I wanted to roll around in this field of glowy, sunshiny Tulip ‘Candela’, but it was too muddy. Fie! I settled for a bouquet.

I love getting out of town. After many years of living car-free, it’s still an extra-special treat to take a drive in the country or go on a road trip – however short a ride it may be.

If it’s for plant-related purposes, all the better.

This past weekend inaugurated the start of the Wooden Shoe Tulip Farm’s Tulip Fest. This Festival is a great excuse to get out of town and admire the rural beauty of the Willamette Valley. It’s a good half-day excursion that takes about 45 minutes each way from Portland.

I would have written this post yesterday but as soon as I sat down to begin, I got antsy, jumped in the car and – how sweet to have it! – hit the gas. I was turning into the gate at Wooden Shoe Tulip Farm 45 minutes later, amidst waving fields of brightly colored tulips and late-flowering daffodils.

Running for a month, from March 25 to April 25 from 9 to 6 daily, the Tulip Festival is touted as a day of family fun. But there were people of all ages there, from young city couples and cyclists to car loads of families and people who had clearly been coming to the event for years and obviously knew where the fun was.

For the kids, there’s a cow train, hay tend, slide, and horse swings, as well as steam tractors and tram rides. On weekends, grown-ups can enjoy wine tasting and beer swilling, music and a crafters marketplace. I admired an elderly gent carving wooden shoes. Weekdays are toned down a little, without the craft booths, music and booze but with pony and cart rides for the kids and tulips galore for flower-gazers. Wooden Shoe’s blog provides more information about daily activities.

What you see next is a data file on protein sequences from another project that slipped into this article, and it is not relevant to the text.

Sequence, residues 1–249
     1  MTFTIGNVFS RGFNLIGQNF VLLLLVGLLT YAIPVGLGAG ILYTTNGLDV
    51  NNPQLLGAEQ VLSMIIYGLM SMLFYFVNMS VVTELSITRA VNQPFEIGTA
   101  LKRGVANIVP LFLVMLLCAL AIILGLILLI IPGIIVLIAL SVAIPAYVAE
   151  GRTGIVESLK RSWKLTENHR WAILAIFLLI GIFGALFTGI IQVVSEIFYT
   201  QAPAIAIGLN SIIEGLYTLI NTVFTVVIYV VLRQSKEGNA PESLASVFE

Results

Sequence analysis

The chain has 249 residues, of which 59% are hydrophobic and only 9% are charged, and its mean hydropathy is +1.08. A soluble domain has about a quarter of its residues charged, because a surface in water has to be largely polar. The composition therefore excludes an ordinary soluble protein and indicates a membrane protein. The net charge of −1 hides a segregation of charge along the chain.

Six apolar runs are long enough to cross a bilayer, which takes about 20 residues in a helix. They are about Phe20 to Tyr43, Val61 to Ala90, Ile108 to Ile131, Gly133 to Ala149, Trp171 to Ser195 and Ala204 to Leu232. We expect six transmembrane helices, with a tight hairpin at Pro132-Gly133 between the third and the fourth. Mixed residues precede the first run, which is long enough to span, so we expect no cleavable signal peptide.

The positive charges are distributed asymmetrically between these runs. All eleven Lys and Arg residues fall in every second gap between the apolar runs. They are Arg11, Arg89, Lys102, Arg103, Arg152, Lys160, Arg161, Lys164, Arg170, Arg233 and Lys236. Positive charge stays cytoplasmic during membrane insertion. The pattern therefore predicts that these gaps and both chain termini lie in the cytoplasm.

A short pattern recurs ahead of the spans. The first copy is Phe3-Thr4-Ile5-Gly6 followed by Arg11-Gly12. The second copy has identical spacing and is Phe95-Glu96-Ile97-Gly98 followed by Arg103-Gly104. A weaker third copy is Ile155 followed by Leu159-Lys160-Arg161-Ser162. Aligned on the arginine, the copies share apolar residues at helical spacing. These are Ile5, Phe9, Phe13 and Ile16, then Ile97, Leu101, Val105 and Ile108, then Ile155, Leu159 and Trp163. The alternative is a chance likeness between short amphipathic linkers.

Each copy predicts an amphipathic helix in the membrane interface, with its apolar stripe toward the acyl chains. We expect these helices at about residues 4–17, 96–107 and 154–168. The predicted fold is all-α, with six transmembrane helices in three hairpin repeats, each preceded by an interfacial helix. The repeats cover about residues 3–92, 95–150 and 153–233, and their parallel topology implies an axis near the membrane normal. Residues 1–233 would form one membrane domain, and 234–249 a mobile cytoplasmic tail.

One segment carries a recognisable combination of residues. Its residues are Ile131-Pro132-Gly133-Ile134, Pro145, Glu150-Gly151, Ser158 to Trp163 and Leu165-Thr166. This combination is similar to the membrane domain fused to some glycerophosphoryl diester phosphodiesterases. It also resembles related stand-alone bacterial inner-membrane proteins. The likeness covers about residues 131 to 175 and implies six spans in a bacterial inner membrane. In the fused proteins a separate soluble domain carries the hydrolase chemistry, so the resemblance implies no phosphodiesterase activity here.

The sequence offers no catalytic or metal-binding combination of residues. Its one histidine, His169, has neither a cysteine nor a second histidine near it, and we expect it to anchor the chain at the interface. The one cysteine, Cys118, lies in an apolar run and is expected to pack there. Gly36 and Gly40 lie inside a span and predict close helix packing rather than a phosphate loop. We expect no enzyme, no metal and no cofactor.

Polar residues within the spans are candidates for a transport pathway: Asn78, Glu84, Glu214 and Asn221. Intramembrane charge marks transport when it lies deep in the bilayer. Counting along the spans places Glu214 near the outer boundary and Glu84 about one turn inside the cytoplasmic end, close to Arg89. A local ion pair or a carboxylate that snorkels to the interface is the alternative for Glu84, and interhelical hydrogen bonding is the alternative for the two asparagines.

Not to over-share, but I get all fetish-y about tulips at this time of year and engage in embarrassingly detailed comparisons of flower shapes, colors, size, bloom time, foliage color and other qualities. For people like me, there is a sample garden with labeled examples of various tulips and daffodils they sell in their catalog. (See slideshow for some purdy images of all this.) You can also buy pots of forced bulbs for $8 each which can later be planted in your garden, as well as lovely, inexpensive tulip bouquets – bundles of which now adorn my place. The main business of Wooden Shoe, though, is their bulb trade. You can order bulbs for autumn planting now or wait until September or October to pick them. Buying them now ensures the best selection and they do run out of certain varieties every year, such as the gorgeous black tulip Queen of Night.

Wooden Shoe Tulip Farm is one of only a few remaining bulb growers in the Pacific Northwest. While most spring flowering bulbs sold today are grown in Holland, Wooden Shoe actually grows their own tulips, daffodils and other traditionally "Dutch" bulbs in the fields of their family farm.

Another wonderful thing about Wooden Shoe is their commitment to sustainable agricultural practices. They are one of only a handful of Oregon growers who are certified by Veriflora for adhering to sustainable practices throughout their business. I hope to see sustainability certification spread in the cut flower industry, which has a less-than-stellar record of minimizing toxic hazards, with dire consequences to workers, as well as consumers and the fields, greenhouses and surrounding environment. Support certified businesses and look for organic or sustainably-grown cut flowers and plants whenever possible.

Wooden Shoe Tulip Farm
www.woodenshoe.com
1-800-711-2006